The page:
Peeping through the classroom window I see the tutor delivering a simple sequence of postures and breathing techniques to the pupil. The atmosphere is calm, the session gentle. A lovely rapport is developing between the two as they mirror each other's flowing movements. The pupil is asked to recline and once snuggled up in a blanket is offered a series of squishes and massages. It's a wonderful moment and for the pupil a huge achievement because he has complex Autism combined with other challenging behaviours. Witnessing him enjoying a moment of calm in an otherwise tumultuous existence is an exciting moment for me.
It was 2014 when I was invited to work alongside specialist tutors at TreeHouse, the flagship school of Ambitious about Autism: the UK’s national charity for the education and support of children and families living with Autism.
I was to develop a yoga curriculum for the school and although I have a wealth of experience as a therapist with care facilities specialising in yoga and exercise for people with learning disabilities and mental health conditions, I had little experience with Autism. This was a wonderful opportunity to develop something special.
What is Autism?
- Autism is a lifelong developmental disability, which affects 1 in 100 people in the UK
- It affects the way a person communicates and how they experience the world around them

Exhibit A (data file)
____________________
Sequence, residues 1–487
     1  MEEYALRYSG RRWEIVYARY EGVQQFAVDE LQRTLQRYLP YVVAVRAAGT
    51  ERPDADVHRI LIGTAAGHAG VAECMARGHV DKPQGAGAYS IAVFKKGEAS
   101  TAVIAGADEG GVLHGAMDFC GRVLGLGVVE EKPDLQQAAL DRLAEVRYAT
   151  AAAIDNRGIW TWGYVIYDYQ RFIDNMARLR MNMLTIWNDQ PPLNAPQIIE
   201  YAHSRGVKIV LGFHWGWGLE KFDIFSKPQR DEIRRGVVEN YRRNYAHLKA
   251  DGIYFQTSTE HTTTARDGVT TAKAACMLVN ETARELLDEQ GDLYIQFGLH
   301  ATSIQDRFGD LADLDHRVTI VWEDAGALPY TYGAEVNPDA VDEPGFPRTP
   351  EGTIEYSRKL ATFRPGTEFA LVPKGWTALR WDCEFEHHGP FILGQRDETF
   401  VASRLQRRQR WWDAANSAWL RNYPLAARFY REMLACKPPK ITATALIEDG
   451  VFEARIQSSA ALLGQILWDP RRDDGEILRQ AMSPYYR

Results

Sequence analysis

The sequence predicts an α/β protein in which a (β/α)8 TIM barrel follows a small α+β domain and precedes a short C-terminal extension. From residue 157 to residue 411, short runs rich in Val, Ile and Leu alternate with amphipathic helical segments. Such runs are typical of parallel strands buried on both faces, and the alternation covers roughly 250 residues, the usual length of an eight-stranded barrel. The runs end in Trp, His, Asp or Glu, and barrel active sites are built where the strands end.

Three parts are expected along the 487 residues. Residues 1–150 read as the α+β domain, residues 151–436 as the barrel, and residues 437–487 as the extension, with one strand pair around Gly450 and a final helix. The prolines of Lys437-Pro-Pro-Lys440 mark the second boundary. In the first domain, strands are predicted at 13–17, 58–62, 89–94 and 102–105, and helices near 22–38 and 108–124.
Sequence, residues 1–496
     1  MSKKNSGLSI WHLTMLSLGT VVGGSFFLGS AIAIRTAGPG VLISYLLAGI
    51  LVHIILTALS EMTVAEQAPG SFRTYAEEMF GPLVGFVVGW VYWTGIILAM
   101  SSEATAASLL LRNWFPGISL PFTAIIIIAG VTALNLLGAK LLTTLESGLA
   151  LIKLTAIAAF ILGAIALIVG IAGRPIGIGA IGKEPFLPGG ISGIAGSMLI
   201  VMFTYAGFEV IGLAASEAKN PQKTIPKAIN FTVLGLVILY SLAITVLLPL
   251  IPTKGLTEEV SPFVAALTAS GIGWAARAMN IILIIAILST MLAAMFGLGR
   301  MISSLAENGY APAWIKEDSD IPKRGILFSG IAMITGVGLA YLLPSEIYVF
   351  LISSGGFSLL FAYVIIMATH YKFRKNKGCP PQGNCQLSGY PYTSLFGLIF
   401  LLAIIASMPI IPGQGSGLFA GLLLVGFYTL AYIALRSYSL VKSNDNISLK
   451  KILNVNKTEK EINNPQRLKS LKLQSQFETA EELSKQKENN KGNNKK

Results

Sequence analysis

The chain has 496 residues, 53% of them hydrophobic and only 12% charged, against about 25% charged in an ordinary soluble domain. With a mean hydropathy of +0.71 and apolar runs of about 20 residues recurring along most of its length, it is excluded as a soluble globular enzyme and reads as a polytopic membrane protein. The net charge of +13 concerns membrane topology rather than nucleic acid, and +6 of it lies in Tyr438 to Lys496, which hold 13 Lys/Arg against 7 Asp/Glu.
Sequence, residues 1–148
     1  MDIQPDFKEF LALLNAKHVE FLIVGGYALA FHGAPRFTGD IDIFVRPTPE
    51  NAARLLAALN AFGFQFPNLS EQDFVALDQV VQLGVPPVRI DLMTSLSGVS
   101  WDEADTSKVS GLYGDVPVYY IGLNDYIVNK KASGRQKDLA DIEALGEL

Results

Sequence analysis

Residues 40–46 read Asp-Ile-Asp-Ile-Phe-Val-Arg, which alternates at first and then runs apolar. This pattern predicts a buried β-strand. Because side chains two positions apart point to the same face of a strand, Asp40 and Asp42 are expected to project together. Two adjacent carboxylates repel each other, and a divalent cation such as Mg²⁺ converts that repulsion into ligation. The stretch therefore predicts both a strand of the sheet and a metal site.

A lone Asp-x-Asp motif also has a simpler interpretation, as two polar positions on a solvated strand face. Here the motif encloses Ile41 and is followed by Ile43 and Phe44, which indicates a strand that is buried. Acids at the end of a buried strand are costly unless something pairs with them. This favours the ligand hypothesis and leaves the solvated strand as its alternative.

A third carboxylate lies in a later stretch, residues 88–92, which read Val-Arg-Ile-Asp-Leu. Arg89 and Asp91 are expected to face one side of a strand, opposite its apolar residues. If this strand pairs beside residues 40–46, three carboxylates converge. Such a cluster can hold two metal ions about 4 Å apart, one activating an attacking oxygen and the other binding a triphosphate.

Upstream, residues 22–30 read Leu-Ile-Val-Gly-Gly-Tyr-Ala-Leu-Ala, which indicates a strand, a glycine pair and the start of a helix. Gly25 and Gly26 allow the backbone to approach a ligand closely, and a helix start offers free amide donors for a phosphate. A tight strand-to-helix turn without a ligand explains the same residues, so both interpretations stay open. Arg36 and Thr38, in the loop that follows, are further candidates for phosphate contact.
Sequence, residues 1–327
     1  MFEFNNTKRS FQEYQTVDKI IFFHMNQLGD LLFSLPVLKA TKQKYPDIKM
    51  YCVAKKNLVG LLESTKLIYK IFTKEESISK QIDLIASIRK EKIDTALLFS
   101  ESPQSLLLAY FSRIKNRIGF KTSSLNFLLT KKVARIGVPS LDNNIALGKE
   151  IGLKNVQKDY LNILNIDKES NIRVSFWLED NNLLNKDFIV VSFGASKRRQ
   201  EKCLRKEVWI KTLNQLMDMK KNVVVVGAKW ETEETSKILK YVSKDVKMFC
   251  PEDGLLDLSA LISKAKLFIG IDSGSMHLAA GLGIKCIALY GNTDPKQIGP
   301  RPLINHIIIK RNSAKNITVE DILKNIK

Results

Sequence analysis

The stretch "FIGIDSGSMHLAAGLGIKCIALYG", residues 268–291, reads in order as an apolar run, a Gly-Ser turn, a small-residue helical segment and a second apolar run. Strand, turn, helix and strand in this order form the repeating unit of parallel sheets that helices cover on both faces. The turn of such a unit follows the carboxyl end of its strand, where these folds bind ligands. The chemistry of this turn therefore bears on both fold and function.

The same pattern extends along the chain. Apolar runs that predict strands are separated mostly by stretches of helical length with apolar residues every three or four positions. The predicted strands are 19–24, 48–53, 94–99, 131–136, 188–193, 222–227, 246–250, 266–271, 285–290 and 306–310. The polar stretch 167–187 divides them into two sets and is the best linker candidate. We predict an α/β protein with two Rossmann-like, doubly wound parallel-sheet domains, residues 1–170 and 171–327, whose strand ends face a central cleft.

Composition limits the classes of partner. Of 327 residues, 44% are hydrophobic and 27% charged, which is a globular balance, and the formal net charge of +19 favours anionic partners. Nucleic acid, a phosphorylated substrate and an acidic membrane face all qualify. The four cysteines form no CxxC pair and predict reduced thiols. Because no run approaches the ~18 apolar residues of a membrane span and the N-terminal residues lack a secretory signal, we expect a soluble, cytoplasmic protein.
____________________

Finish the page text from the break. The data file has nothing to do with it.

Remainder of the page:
- Autism is described as a spectrum condition, sharing certain characteristics
- Early intervention, education and support are crucial in enabling children and young people with autism to lead fulfilling lives
Benefits of yoga for Autism
- Activates calming hormones, such as serotonin
- Focus on breath and movement offering self-regulation tools
- Bilateral movements help balance brain hemispheres to calm mood
- Helps organise and relax nervous system
- Non – competitive nature builds self-esteem
- Enhances physical activity, core strength and flexibility
- Enhances spatial awareness, gross and fine motor skills
- Helps coordination, postural alignment and balance
- Builds trust between classmates and tutors
- Grows emotional strength and play
Once purpose and objective were agreed, I began developing a practice that offered pupils and tutors ways of regulating agitated states and challenging behaviour in the classroom. Working in small groups and one-to-one sessions, we built a suitable programme to support their specific needs. Included were some simple breathing techniques, yoga postures and relaxation exercises to form the basis of our programme. I also included some deep touch pressure techniques that help those with sensory processing. Yoga mats, blankets, eye pillows, soothing music and visual prompts were all used as props to enhance the experience.
The pupils took to yoga instantly, rushing into the space, kicking off shoes, rolling out mats and snuggling under blankets. The coming months were a joy and the most delightful outcome for me was the connection between pupil and tutor. The calm, gentle nature of yoga was clearly a welcomed change from classroom targets and enabled everyone to begin the day refreshed and happy.